Train robber Ronnie Biggs could be freed in July

Great Train Robber Ronnie Biggs could be freed from Norwich prison as early as July, his family claimed yesterday.The 79-year-old is being held in the Knox Road jail's elderly lifers unit and has been subject to a number of health scares.

Great Train Robber Ronnie Biggs could be freed from Norwich prison as early as July, his family claimed yesterday.

The 79-year-old is being held in the Knox Road jail's elderly lifers unit and has been subject to a number of health scares. Family and friends have campaigned for his release on compassionate grounds for several years.

Biggs requires 24-hour care after experiencing two heart attacks and suffering from MRSA. He has skin cancer, cataracts, cannot speak and must be fed through a tube. Most recently he was transferred to the Norfolk and Norwich University Hospital suffering from pneumonia.

The Ministry of Justice says it has received no application for his early release. However, he is due a parole hearing in July at which he could be set free.


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Yesterday, his lawyer Giovanni Di Stefano issued a statement saying reports prepared for this hearing recommend he should be released.

In a message to the family, he said: 'I am pleased to confirm that I have received the parole dossier of Ronnie Biggs with a parole release date of July 3, 2009, and licence expiry of July 2, 2019. I hope we can find him suitable nursing care.'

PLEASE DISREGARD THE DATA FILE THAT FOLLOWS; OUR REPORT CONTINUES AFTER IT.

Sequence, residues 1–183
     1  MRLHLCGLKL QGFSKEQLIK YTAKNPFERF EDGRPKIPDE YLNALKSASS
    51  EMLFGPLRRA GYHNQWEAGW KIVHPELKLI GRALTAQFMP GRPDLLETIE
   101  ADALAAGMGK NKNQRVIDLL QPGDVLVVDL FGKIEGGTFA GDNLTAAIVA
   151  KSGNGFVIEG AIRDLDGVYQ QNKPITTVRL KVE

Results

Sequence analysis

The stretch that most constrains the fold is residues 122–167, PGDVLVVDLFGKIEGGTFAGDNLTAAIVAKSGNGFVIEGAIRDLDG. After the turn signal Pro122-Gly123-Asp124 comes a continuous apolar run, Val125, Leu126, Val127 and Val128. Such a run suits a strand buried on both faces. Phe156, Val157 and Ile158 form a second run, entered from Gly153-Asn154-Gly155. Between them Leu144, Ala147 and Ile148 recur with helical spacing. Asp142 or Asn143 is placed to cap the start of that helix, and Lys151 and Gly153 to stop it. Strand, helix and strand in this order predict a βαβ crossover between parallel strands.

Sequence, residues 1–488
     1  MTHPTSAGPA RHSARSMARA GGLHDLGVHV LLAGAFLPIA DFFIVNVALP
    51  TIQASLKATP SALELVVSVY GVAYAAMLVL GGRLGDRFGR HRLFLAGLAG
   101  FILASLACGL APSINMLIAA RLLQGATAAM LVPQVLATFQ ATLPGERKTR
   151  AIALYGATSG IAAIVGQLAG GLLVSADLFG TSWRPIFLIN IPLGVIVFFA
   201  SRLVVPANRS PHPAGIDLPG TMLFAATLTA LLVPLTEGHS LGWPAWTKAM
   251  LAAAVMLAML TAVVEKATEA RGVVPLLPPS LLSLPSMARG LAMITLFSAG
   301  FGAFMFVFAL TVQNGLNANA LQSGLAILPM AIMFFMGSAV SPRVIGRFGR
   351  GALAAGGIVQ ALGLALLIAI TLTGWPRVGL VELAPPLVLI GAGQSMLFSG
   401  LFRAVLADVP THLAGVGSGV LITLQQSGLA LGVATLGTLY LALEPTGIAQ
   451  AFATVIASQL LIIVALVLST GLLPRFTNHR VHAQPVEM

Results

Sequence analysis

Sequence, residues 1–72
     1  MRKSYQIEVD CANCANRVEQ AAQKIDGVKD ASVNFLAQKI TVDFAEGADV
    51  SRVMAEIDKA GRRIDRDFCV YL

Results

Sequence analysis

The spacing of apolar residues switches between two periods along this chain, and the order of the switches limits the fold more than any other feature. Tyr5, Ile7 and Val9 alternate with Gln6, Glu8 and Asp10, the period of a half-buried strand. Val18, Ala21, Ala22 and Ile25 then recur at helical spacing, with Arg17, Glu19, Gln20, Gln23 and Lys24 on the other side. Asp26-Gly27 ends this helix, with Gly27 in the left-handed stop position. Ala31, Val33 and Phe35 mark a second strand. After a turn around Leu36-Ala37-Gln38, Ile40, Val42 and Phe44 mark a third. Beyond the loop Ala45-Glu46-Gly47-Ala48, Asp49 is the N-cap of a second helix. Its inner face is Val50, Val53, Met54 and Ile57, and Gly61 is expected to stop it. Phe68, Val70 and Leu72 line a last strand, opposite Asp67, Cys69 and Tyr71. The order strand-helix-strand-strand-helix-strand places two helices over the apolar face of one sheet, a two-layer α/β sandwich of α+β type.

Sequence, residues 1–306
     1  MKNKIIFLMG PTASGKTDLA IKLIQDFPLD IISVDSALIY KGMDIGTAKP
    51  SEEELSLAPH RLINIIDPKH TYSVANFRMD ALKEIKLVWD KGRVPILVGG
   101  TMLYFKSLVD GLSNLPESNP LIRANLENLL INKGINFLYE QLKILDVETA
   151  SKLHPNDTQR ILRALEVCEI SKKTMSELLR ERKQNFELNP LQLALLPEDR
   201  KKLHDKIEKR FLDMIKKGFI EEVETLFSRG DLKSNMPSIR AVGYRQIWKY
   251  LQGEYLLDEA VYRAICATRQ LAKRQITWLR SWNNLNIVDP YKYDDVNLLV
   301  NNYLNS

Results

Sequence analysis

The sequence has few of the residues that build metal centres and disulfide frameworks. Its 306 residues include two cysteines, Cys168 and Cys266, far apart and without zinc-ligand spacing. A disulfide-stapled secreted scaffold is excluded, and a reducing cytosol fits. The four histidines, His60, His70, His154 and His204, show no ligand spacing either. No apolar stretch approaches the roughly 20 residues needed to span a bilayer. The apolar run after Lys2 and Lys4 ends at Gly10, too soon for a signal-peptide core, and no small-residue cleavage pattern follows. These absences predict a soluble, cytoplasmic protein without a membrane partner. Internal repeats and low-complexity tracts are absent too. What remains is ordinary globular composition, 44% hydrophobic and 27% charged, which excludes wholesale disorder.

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However, it could prove to be the latest false start after his family last year claimed he would be released by Valentine's Day 2009. The EDP understands ministers are reluctant to be seen to give into public pressure following the high-profile campaign.

But Mike Gray, a close friend of Biggs, said: 'I have always said that Ronnie Biggs was being slowly crucified on the Home Office Cross, and today we have been officially informed that Ronnie will be paroled on July 3 this year.'

Biggs was jailed for 30 years for his part in the 1963 Great Train Robbery in which �2.6m was stolen. He escaped from Wandsworth jail in 1965 by scaling a rope ladder. He spent the following 30 years on the run, first fleeing to Paris where he adopted a new identity and then moving to Australia and Brazil. He voluntarily returned to the UK in 2001 and has been imprisoned ever since.

He is just one of a string of notorious criminals to be held at Norwich prison. Gangster Reggie Kray and Nazi war criminal Anthony Sawoniuk were both held in the lifers unit before their deaths.

On Tuesday, the EDP revealed that serial killer Donald Neilson, dubbed the Black Panther, is to be transferred to Norwich as he enters the final stages of terminal illness motor neurone disease.

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